ne night, in the middle of an October thunderstorm, a raindrop ripped a hole in the sky. This raindrop was different, as big as a freight train and made of silver. It dropped through the hole and fell without a sound. At one thousand feet, it froze, hanging in the air. Far below it stood a ramshackle farm house, broken shingles and cracked windows barely keeping out the rain.
From its pointed tip came a beam of blue light. The light pierced one bedroom window, then the other. The raindrop turned and sent another beam of light to the far side of the farm. The light vanished and the hole in the sky sealed shut. The raindrop hid behind a cloud, waiting.
Roscoe awoke just as the morning sun poked through the kitchen curtains. The storm had kept him up most of the night, but he didn’t want to sleep in and miss the morning excitement. The farmer’s wife always sang a little song as she put the food in his bowl, and the farmer’s daughter liked to pet him while he ate, rubbing that hard to reach spot between his ears. As for the farmer, whenever his wife wasn’t looking, he would slip him a piece of bacon or a bit of sausage. And why not? After all, in a year or two, he would be the most important animal on the farm. As a German Shepherd, it would be his job to guard the chickens from dangerous animals, like wolves or skunks or the paperboy.
With a yawn, Roscoe hopped out of his basket and trotted across the floor. His bowl was empty, as was the kitchen. He cocked his head and listened. The house was quiet. “They must still be asleep!” he thought. “I’d better wake them up, or they won’t feed me! Or the chickens, either, I suppose.”
The stairs were narrow and very steep, quite a challenge for a puppy. Usually, the farmer’s daughter would be there to give him a gentle push on the bottom to help him up. It took him almost ten minutes to make his way upstairs.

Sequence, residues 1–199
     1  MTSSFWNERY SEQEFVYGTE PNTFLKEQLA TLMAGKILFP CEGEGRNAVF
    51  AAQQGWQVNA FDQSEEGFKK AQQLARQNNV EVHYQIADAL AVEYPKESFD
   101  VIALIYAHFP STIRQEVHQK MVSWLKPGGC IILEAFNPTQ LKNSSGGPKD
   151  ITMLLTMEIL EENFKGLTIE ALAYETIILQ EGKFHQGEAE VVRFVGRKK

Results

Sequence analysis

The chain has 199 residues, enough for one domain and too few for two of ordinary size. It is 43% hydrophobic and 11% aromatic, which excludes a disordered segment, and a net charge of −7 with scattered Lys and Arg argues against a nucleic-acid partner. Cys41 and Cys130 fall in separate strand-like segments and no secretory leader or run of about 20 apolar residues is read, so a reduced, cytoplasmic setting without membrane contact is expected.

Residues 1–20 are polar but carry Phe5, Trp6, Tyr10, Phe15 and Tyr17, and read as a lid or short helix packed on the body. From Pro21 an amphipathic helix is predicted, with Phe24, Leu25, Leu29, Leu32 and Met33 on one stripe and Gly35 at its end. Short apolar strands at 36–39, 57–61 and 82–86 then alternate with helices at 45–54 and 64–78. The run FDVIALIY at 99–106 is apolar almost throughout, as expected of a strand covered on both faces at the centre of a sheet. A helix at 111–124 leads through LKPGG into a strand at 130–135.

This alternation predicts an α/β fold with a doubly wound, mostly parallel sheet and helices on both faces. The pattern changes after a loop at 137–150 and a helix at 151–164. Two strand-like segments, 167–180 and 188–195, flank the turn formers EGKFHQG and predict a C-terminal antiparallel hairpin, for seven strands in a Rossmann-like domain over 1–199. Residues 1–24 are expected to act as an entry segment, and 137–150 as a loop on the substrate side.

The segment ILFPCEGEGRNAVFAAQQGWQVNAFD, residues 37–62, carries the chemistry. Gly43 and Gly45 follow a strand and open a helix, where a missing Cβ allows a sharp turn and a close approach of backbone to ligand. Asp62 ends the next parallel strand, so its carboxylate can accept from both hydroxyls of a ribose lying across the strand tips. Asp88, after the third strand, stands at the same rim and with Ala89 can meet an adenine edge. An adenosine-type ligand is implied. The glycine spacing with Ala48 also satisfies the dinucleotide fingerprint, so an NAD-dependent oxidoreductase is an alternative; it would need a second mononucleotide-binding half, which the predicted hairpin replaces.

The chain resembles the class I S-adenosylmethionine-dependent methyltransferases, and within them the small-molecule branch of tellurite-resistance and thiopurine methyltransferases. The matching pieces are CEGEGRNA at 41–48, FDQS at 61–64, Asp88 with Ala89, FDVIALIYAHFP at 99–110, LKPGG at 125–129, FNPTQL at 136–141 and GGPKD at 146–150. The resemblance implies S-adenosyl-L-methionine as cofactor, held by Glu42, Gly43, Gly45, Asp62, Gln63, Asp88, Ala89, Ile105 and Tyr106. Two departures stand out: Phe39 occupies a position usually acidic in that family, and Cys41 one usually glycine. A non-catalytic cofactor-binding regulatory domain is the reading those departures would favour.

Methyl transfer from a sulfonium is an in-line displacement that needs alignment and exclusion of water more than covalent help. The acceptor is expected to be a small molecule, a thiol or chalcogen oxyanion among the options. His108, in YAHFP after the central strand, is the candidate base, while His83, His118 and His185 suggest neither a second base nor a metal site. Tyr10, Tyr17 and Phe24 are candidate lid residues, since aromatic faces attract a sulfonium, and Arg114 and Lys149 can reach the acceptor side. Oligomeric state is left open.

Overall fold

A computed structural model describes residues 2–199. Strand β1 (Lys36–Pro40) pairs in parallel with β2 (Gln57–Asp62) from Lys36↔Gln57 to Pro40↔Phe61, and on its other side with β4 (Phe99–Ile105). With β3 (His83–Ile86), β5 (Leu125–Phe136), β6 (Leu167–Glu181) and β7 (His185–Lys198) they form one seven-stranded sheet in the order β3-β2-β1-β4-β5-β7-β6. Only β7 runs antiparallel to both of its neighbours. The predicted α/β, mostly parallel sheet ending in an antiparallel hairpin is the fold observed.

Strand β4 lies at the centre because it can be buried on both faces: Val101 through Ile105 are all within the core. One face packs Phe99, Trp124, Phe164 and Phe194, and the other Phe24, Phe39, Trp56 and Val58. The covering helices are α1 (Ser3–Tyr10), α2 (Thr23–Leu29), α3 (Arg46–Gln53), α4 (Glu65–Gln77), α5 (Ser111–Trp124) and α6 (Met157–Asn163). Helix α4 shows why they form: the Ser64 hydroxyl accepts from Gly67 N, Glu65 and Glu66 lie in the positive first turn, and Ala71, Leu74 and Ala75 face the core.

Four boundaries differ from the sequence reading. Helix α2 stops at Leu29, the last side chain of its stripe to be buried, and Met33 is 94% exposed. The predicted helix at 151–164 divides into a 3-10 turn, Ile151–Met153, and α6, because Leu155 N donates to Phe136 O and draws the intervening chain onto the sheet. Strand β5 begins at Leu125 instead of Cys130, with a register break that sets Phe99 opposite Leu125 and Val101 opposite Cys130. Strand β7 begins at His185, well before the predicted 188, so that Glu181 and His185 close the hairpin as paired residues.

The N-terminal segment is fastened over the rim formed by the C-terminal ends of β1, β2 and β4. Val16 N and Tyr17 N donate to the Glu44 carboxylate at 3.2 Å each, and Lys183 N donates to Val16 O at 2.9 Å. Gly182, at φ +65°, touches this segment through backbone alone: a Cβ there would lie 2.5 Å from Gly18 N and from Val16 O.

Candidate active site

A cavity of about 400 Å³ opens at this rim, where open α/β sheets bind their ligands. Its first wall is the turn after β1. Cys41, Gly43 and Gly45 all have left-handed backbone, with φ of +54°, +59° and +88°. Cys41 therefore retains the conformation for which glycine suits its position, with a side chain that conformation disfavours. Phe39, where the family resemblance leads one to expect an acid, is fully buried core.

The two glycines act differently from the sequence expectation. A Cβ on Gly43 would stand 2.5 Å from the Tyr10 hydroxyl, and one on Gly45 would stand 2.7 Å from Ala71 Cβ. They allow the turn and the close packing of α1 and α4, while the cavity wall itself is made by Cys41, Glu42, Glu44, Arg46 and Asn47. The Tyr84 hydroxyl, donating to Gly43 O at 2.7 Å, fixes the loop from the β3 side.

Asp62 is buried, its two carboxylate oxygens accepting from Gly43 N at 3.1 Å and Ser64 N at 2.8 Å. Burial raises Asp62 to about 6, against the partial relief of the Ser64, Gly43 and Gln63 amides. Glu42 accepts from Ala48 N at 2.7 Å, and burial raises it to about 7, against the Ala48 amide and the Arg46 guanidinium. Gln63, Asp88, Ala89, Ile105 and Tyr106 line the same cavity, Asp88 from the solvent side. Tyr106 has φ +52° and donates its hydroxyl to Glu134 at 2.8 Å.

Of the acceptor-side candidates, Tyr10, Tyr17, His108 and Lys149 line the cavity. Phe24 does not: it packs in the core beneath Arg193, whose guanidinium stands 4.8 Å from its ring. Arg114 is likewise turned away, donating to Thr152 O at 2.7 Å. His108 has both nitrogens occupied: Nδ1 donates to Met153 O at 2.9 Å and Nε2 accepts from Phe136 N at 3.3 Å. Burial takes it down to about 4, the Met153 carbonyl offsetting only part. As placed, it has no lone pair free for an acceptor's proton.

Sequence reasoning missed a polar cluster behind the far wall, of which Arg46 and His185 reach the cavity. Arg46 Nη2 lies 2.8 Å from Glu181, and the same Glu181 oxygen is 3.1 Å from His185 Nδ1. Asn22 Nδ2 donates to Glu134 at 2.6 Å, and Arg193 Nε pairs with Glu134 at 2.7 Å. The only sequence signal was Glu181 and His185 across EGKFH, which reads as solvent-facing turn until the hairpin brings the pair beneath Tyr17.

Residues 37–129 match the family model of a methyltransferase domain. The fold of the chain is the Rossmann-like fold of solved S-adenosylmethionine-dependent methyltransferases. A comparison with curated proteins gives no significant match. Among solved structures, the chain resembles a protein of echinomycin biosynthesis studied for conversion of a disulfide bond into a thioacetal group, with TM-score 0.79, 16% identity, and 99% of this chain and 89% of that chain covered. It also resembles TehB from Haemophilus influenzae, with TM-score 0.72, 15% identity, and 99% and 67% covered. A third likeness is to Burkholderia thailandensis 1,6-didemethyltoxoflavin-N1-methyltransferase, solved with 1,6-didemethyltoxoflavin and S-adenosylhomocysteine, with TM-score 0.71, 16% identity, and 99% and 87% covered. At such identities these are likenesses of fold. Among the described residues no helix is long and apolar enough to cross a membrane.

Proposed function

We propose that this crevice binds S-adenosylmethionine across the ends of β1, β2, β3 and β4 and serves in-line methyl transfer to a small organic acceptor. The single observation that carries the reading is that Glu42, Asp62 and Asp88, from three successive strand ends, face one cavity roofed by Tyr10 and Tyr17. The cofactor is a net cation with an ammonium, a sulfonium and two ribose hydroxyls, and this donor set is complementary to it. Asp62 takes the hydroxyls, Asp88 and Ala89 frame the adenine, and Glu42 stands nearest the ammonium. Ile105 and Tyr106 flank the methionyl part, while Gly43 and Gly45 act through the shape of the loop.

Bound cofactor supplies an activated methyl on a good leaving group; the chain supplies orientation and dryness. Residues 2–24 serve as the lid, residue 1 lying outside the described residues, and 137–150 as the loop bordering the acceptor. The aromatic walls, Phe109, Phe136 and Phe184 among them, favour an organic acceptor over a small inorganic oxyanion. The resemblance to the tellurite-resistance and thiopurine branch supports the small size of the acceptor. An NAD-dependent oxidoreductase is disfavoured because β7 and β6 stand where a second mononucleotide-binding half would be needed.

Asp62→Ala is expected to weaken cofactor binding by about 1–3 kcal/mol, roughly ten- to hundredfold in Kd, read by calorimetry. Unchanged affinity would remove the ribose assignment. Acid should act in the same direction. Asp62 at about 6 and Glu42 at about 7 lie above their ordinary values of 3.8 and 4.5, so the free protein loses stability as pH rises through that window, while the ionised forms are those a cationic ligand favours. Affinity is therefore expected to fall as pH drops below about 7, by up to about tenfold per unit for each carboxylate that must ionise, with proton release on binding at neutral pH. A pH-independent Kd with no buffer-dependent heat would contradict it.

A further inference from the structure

He trotted down the short hallway to the tiny room where the farmer’s daughter slept. Her bed was empty, her blankets and quilt scattered on the floor by the window. “Maybe the storm scared her and she went to sleep in her parents’ room.” But the master bedroom was empty, too. The family was gone.
“I could go to the barn,” he thought. “There’s food out there, right?” Going down the stairs was a lot easier than going up. He made his way to the kitchen and the gigantic doggy door, and out to the back porch. The barn was about five acres away, but to a puppy, it looked like miles. “I wish someone would carry me…” Sighing, he trudged across the yard.
The barn was a peeling, rusty red with a black slate roof. The two great doors had blown wide open in the storm. Inside, the walls were festooned with tools: axes, saws, shovels, and post hole diggers, and a few yokes leftover from oxen that had been sold long ago. Next to the door stood a pile of canvas bags. He took a few quick sniffs, but they didn’t smell like much of anything. He gnawed on the corner of the lowest bag, chewing the fabric until a piece tore away. An avalanche of yellow. Seed corn! “Far from my favorite, but better than nothing.” Although, it didn’t taste like it.
The hay loft creaked. A piece of straw fell to the floor. Something was up there. “Hello,” he called. “I’m Roscoe. Do you want to be friends?”
“Geronimo!” A black blur slammed into him. The thing wrapped around him like a four-armed octopus, and they rolled across the floor, crashing into the wall. A sledge hammer fell with a bang, missing them by half an inch. The thing screamed and jumped away, it’s fur standing on end.
The thing was a cat, and a large one, nearly twice his size. It was charcoal black, with the exception of its front paws, which were white. The end of its tail was permanently bent to one side, apparently from a break that hadn’t properly healed. It was also missing its left eye. Licking its lips, it extended its claws. “You’re the biggest mouse I’ve ever seen,” it said, in a voice both feminine and cruel. “I shall feast for a week.”
He gasped. “I’m not a mouse! I’m a puppy!”
“Of course you’re a mouse. Only mice eat the seed. Now come here so I can cut you into bite size chunks.”
“Do mice have collars? Can they do this?” He wagged his tail and barked.
“No, I suppose not.” The cat sighed. “So, what are you doing here, girl?”
“I’m a boy!”
“Your collar is pink.”